I’ve already mentioned the Washington Post’s scathing editorial against the Obama Administration’s reactions to the situation unfolding in Ukraine. Now the editors of the Wall Street Journal come out in a similar vein, albeit with more specific recommendations. They suggest restricting Russian banks’ access to the international banking system (something the Europeans will all but certainly oppose) and moving ships into the Black Sea:
Mr. Obama and the West must act, rather than merely threaten, because it’s clear Mr. Putin believes the American President’s words can’t be taken seriously. After the 2008 invasion of Georgia, President Obama pretended the problem was Dick Cheney and tried to “reset” relations with Moscow. Mr. Putin has defied the civilized world on Syria and Mr. Obama rewarded him by making Russia a partner in phony peace talks. Mr. Putin gave NSA leaker Edward Snowden asylum over U.S. objections, and he got away with that too.
I think that’s almost exactly the wrong advice. Moving ships into the Black Sea would be seen as a provocation and would maximize the likelihood of an unfortunate incident. I would prefer that the president not even threaten since there’s little in the way of an effective response that he can make and idle threats are worse than silence.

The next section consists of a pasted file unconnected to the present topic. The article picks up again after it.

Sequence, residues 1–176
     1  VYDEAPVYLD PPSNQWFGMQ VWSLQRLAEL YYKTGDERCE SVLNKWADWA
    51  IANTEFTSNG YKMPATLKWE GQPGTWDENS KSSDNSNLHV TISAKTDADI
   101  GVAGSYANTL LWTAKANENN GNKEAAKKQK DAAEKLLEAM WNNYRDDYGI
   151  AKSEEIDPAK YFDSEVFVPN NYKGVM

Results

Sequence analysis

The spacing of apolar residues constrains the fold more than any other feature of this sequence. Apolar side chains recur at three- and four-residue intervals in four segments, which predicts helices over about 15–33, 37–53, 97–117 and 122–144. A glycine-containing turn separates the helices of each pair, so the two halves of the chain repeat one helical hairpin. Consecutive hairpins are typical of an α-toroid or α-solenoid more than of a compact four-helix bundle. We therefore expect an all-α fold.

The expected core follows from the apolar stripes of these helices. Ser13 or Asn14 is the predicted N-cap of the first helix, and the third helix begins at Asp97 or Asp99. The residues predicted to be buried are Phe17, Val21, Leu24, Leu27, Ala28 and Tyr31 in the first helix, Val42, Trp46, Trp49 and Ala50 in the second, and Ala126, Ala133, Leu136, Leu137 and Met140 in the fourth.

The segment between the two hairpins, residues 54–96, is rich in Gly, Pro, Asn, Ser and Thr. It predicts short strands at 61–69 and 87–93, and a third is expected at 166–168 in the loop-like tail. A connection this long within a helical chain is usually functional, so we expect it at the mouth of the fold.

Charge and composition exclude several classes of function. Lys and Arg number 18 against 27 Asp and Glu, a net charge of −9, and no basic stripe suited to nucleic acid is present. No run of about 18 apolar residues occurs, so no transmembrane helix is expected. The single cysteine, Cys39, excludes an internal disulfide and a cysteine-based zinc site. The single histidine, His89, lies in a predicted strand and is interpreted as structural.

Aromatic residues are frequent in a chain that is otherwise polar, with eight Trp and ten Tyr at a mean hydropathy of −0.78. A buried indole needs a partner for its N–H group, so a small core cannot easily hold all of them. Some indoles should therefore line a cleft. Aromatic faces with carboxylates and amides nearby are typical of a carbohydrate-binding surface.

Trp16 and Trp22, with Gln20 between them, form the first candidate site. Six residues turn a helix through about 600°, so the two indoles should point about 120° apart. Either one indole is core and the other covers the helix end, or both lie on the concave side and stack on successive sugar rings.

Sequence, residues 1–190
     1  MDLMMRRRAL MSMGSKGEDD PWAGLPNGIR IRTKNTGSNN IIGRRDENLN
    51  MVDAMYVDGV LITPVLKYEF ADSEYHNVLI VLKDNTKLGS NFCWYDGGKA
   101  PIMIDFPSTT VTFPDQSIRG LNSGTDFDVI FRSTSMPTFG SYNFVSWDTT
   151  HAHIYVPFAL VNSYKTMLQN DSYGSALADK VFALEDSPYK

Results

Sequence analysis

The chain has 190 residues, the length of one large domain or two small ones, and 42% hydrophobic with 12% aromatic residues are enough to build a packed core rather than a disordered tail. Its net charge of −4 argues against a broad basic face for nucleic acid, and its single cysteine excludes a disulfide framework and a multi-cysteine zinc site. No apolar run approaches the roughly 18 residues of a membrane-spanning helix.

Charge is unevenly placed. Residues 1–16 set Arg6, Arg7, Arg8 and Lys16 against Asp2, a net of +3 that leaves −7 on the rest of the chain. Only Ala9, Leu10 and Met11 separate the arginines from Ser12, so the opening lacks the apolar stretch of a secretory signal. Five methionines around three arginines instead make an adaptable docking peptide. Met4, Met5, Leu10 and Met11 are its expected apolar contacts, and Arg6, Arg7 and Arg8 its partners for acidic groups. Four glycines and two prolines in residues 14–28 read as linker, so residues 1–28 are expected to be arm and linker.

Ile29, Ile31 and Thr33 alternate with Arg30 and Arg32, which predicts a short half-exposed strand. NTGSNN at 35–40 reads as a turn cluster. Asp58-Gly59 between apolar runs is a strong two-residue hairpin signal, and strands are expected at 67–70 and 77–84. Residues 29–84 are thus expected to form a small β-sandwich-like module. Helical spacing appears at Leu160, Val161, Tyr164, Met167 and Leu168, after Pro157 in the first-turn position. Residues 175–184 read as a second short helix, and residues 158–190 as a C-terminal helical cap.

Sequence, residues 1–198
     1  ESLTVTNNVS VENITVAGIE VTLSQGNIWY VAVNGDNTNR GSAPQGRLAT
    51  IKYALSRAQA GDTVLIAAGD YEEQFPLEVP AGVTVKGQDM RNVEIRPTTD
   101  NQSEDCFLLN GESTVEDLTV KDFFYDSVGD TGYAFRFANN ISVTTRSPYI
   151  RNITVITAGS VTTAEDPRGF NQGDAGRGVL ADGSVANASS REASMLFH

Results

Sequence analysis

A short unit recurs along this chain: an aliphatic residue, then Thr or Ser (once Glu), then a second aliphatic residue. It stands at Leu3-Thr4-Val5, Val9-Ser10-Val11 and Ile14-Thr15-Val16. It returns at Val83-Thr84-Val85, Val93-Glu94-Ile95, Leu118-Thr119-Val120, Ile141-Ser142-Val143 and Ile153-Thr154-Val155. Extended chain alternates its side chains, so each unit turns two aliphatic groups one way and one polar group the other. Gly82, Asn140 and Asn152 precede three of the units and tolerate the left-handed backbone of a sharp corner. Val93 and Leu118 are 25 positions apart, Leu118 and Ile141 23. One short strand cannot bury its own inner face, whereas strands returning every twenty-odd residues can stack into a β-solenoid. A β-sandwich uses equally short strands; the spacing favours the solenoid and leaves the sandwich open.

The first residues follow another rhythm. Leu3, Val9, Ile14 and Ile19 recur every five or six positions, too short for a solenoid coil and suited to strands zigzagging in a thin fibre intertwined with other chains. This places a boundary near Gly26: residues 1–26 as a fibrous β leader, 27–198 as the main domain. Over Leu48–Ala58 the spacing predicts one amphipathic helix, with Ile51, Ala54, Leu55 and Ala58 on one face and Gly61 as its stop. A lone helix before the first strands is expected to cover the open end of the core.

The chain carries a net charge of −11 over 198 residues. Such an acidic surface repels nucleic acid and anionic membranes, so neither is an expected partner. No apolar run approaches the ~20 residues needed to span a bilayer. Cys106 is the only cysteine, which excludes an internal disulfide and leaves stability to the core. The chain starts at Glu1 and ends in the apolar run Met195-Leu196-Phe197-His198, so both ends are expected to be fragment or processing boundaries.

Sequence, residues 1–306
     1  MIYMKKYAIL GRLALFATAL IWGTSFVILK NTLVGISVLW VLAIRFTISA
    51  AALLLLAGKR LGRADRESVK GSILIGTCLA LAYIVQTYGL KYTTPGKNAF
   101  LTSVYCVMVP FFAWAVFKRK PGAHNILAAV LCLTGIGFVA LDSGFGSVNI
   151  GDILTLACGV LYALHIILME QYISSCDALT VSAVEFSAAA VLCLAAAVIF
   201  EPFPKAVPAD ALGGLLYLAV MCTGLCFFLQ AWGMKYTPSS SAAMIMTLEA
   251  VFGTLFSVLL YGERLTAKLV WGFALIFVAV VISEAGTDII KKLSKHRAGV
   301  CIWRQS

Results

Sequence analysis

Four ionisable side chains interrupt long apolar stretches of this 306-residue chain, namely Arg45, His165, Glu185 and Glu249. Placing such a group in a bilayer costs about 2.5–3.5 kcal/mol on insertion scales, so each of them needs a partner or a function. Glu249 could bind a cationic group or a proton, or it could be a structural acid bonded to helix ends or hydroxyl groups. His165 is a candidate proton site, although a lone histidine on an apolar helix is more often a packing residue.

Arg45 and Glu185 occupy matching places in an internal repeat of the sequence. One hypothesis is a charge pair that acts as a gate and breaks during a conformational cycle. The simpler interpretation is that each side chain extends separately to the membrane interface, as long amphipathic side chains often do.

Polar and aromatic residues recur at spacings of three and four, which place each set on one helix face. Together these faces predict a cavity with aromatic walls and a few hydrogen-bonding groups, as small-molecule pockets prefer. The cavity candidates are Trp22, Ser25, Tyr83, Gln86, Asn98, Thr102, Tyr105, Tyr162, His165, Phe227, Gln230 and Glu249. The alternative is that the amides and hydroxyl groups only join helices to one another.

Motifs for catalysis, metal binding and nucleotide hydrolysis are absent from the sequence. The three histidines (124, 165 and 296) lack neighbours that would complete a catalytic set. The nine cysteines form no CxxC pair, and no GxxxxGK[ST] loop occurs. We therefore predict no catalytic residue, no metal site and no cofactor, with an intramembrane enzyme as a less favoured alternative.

Here are some things to chew on while thinking about the escalating crisis in Ukraine:
- Russia has legitimate interests in Ukraine in the form of military and commercial ports, historical ties, millions of ethnic Russians in eastern Ukraine, and millions of ethnic Ukrainians who speak Russian as their first language.
- Russia has legitimate concerns based on the actions of the nationalist Ukrainian parliament and the mobs in the streets.
- Russia will accept friendly countries on its border or “satrapies” as they’re being called and will tolerate neutral countries that convince the Russians they’re not a threat cf. the history of Finland but it will not accept hostile countries on its border, particularly among the old Soviet republics.
- Our material interests in Ukraine are not nearly as compelling.